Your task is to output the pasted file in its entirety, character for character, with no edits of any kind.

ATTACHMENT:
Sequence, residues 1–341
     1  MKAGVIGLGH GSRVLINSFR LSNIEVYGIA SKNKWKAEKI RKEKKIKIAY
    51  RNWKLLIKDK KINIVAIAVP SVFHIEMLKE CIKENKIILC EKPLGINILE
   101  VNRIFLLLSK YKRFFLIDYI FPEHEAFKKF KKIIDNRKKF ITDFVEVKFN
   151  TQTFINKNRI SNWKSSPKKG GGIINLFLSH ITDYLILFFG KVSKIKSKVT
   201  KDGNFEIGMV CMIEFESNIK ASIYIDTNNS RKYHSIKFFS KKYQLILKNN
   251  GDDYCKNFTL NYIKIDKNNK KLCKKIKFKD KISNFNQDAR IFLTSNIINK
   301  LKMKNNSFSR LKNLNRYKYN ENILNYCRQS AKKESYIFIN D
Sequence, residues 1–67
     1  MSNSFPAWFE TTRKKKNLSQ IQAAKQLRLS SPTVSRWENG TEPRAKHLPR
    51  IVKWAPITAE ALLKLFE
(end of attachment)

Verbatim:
Sequence, residues 1–341
     1  MKAGVIGLGH GSRVLINSFR LSNIEVYGIA SKNKWKAEKI RKEKKIKIAY
    51  RNWKLLIKDK KINIVAIAVP SVFHIEMLKE CIKENKIILC EKPLGINILE
   101  VNRIFLLLSK YKRFFLIDYI FPEHEAFKKF KKIIDNRKKF ITDFVEVKFN
   151  TQTFINKNRI SNWKSSPKKG GGIINLFLSH ITDYLILFFG KVSKIKSKVT
   201  KDGNFEIGMV CMIEFESNIK ASIYIDTNNS RKYHSIKFFS KKYQLILKNN
   251  GDDYCKNFTL NYIKIDKNNK KLCKKIKFKD KISNFNQDAR IFLTSNIINK
   301  LKMKNNSFSR LKNLNRYKYN ENILNYCRQS AKKESYIFIN D
Sequence, residues 1–67
     1  MSNSFPAWFE TTRKKKNLSQ IQAAKQLRLS SPTVSRWENG TEPRAKHLPR
    51  IVKWAPITAE ALLKLFE